Ingested polyunsaturated fatty acids are postulated to lead to changes in central nervous system activity, presumably by altering the lipid composition of neuronal membranes.

In support of this hypothesis, we and other investigators have previously demonstrated cognitive effects in rats fed oils that contain both alpha-linolenic acid (18:3 omega 3) and linoleic acid (18:2 omega 6), with the relative content of alpha-linolenic acid being seen as the critical variable.

The present study in rats examined the effects of preparations containing different ratios of highly purified free alpha-linolenic acid to linoleic acid (about 25 mg/kg of body weight daily) on learning performance (Morris water tank), pain thresholds (heated plate), and thermoregulatory control of d-amphetamine-induced hypothermia during 4 weeks of treatment.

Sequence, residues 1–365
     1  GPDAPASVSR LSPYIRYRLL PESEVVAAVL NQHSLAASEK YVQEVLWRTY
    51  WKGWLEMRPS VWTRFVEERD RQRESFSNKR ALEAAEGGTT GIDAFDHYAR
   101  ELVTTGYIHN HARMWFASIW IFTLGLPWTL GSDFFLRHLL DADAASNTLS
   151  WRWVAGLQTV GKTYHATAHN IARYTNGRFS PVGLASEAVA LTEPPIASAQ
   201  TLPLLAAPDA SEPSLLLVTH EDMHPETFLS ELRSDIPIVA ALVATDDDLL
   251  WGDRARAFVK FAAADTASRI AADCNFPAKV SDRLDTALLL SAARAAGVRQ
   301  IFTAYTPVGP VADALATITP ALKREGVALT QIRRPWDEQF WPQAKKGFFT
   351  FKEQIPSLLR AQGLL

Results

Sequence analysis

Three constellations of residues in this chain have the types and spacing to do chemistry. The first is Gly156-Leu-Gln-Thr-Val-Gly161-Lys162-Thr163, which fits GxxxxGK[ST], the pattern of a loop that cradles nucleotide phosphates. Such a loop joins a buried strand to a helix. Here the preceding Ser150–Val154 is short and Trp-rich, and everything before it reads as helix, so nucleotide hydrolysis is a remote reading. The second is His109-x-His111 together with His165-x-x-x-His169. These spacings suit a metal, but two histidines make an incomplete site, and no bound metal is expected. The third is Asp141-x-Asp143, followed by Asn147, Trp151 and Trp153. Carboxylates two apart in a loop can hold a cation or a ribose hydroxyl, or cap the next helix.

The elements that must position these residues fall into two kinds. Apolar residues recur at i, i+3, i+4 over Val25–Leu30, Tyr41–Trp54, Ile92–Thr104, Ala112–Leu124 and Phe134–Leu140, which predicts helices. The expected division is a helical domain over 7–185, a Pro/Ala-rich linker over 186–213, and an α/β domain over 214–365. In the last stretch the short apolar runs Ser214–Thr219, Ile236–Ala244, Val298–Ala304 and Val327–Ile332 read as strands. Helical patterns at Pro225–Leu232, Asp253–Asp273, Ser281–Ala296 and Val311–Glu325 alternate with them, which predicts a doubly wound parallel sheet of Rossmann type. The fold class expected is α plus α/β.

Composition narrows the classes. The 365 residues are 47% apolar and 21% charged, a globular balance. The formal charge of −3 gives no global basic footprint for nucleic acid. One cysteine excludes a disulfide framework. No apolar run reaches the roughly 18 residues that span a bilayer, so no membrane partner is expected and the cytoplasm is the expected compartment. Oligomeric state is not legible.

Preparations with omega 3-to-omega 6 ratios ranging from 1:3.5 to 1:5 (specifically a ratio of 1:4) produced significant favorable effects on all of these variables.

Although the specific mode of action remains to be elucidated, these results suggest that such preparations of free fatty acids should be evaluated in the treatment of memory disorders and pain conditions.

PMID: 7901853

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